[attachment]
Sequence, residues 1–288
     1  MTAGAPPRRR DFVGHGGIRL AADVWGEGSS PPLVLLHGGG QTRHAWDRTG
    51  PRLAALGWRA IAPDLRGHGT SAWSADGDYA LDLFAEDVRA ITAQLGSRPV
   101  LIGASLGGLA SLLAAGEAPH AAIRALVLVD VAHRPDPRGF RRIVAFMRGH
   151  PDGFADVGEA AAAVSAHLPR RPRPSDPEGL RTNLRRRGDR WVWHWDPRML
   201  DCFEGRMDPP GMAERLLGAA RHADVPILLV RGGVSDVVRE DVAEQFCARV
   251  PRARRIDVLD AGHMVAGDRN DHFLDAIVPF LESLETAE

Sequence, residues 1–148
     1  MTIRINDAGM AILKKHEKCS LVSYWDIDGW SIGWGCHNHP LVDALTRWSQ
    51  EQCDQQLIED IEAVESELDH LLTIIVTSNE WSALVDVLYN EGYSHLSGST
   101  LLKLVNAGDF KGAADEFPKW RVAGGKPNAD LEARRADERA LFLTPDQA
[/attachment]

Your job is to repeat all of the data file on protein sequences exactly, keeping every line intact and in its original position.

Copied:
Sequence, residues 1–288
     1  MTAGAPPRRR DFVGHGGIRL AADVWGEGSS PPLVLLHGGG QTRHAWDRTG
    51  PRLAALGWRA IAPDLRGHGT SAWSADGDYA LDLFAEDVRA ITAQLGSRPV
   101  LIGASLGGLA SLLAAGEAPH AAIRALVLVD VAHRPDPRGF RRIVAFMRGH
   151  PDGFADVGEA AAAVSAHLPR RPRPSDPEGL RTNLRRRGDR WVWHWDPRML
   201  DCFEGRMDPP GMAERLLGAA RHADVPILLV RGGVSDVVRE DVAEQFCARV
   251  PRARRIDVLD AGHMVAGDRN DHFLDAIVPF LESLETAE

Sequence, residues 1–148
     1  MTIRINDAGM AILKKHEKCS LVSYWDIDGW SIGWGCHNHP LVDALTRWSQ
    51  EQCDQQLIED IEAVESELDH LLTIIVTSNE WSALVDVLYN EGYSHLSGST
   101  LLKLVNAGDF KGAADEFPKW RVAGGKPNAD LEARRADERA LFLTPDQA